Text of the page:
My visit to Fenway Park wasn't supposed to happen. When my dad and I planned a trip to the East Coast to visit colleges, we tried countless travel combinations in an effort to find time for the ballpark that epitomizes baseball.
Fenway captures the imagination of all ages; if you're a fan who's never been, you have a giant hole in your résumé. My dad, who taught me how to love baseball by taking me to the now-demolished Kingdome in Seattle, needed to fill that hole as much as I did. Doing it together was the only option, we decided.
But no itinerary worked. It seemed as though we'd have to content ourselves with the historic, but concrete, Yankee Stadium, as colleges took first priority.
On a whim, my dad networked through his office to find a rare prize: a pair of tickets in a little red envelope, which proved worth some schedule wrangling.
But first, there was real life to attend to. As my dad and I slogged through work and school, my excitement burgeoned with each conversation with friends who'd seen the famous ballpark. I felt like someone about to see Sasquatch, even though I knew Fenway was real. But how real?
The school year finally ended, and I scoured online reviews of the park before our flight to New York, the first stop on the tour and a cultural shock for two Big Apple neophytes. We read about Yankee controversies and watched a basketball game at the famed West Fourth Street courts.
We would later return to New York, but that city's sports obsession prepared us well for baseball-crazy Boston.
By Monday morning, when we picked up Boston sports radio - all baseball during the summer - on the way out of Amherst, Mass., Sunday's humidity had turned to rain. Rain - on the game day I'd waited for all my life.
But the showers stopped, and I accepted the stifling weather in exchange for finally attending a game.
As we walked out of our Boston hotel, I tried to visualize Fenway. But I knew it only from television. I couldn't really trust my friends' exaggerations. It was probably overcommercialized, I thought, and only special for a pivotal game, not some inter-league matchup, as the one we would see.
And then, there we were, standing on Yawkey Way in the heart of Red Sox Nation.
T-shirts passed: "WWJDD: What Would Johnny Damon Do?" Souvenir shops carrying only Sox (and anti-Yankee) gear beckoned. An unofficial ambassador noticed our glazed eyes and snapped a photo for us: father and son, glassy-eyed on Yawkey Way.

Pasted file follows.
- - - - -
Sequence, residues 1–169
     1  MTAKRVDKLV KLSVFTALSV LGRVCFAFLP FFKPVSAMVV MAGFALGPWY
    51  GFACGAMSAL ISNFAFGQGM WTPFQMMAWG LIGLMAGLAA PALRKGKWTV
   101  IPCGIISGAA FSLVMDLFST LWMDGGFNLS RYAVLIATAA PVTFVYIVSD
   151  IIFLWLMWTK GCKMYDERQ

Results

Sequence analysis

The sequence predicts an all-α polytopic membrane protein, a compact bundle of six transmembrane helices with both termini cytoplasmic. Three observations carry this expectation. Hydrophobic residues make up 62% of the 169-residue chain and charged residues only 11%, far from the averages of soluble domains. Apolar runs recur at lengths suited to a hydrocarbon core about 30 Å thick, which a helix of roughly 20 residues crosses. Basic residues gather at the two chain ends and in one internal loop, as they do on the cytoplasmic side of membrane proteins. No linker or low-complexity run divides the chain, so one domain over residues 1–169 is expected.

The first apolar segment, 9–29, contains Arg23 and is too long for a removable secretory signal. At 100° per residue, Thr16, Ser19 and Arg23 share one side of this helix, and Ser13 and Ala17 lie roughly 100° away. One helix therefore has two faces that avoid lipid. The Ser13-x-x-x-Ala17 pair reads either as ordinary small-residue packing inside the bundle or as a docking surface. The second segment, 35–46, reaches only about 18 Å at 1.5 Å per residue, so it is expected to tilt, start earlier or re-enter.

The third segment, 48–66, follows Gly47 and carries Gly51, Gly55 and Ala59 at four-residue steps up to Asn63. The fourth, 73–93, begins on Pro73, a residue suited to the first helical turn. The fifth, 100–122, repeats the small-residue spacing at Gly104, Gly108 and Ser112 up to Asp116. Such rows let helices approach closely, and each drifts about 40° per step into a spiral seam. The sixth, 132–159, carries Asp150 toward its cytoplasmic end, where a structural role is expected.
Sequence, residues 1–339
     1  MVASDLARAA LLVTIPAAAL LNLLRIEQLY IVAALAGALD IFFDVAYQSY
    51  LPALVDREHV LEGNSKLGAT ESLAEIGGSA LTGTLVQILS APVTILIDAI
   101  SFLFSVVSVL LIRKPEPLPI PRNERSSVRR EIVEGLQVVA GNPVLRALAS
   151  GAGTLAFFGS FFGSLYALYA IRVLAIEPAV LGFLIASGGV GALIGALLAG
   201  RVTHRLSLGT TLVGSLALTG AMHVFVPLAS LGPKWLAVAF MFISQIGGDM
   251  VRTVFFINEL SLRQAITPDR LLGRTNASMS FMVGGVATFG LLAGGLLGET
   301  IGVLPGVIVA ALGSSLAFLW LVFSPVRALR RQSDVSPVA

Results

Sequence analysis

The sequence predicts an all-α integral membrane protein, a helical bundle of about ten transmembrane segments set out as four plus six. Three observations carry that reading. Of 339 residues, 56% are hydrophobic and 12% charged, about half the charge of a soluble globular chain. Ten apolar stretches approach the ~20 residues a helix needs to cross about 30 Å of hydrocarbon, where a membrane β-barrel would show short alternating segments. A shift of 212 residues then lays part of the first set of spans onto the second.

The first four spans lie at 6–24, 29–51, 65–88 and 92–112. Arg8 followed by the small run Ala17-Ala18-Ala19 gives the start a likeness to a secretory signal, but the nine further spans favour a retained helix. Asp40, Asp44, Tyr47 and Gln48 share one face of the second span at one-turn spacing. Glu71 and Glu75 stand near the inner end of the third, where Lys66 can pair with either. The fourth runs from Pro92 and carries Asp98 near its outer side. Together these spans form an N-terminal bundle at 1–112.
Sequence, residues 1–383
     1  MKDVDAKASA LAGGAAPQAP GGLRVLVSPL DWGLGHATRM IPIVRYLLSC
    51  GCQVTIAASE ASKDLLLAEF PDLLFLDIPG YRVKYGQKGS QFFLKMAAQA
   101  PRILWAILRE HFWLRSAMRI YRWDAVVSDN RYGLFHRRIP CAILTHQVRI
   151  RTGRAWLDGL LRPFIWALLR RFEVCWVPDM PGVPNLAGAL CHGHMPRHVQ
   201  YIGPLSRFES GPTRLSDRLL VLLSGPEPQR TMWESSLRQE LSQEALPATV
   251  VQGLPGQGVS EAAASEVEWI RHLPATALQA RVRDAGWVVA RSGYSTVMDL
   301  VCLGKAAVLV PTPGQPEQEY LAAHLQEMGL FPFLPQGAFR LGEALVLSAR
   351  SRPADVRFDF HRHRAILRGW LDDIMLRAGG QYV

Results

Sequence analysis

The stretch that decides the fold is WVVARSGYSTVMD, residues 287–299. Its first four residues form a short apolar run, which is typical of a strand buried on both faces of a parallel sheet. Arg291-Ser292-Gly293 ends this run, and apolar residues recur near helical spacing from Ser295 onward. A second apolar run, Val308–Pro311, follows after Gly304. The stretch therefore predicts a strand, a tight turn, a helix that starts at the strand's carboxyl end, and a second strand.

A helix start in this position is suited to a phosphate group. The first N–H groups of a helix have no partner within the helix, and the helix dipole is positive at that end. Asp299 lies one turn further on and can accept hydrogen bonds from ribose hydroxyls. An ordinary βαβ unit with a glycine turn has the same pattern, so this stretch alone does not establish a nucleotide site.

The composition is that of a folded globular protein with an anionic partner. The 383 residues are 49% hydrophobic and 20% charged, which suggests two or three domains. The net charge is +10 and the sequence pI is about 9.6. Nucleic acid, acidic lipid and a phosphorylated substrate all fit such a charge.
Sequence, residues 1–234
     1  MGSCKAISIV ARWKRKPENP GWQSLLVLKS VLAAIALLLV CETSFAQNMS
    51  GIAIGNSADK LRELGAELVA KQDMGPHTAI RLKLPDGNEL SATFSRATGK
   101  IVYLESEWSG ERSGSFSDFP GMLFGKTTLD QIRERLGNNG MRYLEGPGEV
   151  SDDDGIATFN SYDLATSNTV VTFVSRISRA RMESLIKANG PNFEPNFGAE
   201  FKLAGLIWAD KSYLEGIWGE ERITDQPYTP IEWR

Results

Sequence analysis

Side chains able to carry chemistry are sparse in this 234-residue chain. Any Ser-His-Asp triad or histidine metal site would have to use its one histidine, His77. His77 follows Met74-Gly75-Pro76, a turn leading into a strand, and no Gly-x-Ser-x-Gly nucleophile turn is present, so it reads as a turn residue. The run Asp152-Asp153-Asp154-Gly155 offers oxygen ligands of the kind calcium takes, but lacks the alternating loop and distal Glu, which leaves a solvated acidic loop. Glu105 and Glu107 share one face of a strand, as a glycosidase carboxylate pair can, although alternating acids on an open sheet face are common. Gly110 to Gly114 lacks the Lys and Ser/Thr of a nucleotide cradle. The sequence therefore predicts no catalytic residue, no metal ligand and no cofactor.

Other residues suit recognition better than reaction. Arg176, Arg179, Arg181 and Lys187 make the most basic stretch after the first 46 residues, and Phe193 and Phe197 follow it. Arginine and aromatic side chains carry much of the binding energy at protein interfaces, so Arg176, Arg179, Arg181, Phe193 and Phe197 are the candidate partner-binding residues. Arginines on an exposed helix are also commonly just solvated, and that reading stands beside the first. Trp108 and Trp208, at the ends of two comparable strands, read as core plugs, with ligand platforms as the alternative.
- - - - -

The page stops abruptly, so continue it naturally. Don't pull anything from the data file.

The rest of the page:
We milled around the shops for a few minutes, too dazed to buy anything. At 5:15, we found our gate and walked into the concourses, where we speed-walked to our seats with Fenway Franks and souvenir sodas.
Crack! Baseballs flew out of the batting cage. I settled into my seat near the Red Sox dugout, which was draped by a hundred other pilgrims chanting their idol's name: "Manny! Manny! Manny!"
I was too excited to sit, so I wandered toward the Green Monster, Fenway's 37-foot left-field wall. It didn't growl, but it did clank when hit by baseballs. I gazed up at it and felt a sudden desire to touch it. The kid in me still couldn't believe it was real, and I was here.
Together my dad and I headed for the right-field bleachers, past the bullpen where Jay Buhner once robbed a homer. From the last row in the park, we drank in the Green Monster, the Pesky Pole, and the field before us. Another photo opportunity.
It hit me: Babe Ruth had patrolled this outfield, which was the stage for the seasons of 1918, 1986, 2004.
History such as this, back home in Seattle at Safeco Field? No way. The Safe imitates the great ballparks, but can't capture the feel. The soul, the spirit, is missing.
By the first pitch a little after 7 p.m., my T-shirt was damp with humidity and hope. Although I'd booed these same Sox a month earlier in Seattle, we roared as Damon, Jason Varitek, David Ortiz, and other heroes took the field. For one day, we were Sox fans, watching real baseball. There were no fake hydroplane races between innings. Instead, we sang "Sweet Caroline" with a 36,000-person chorus.
Glowing twilight framed the Monster as ex-Mariner John Olerud's late-inning base hit stretched the score to 10-1. Everyone knew who was going to win. But Sox and Cincinnati Reds fans alike stayed through the end. Covered in peanut dust and clutching my glove, I couldn't imagine leaving early.
My dad whispered to me, "We're at Fenway!"
And at that moment on that unforgettable summer evening, I understood exactly what he meant.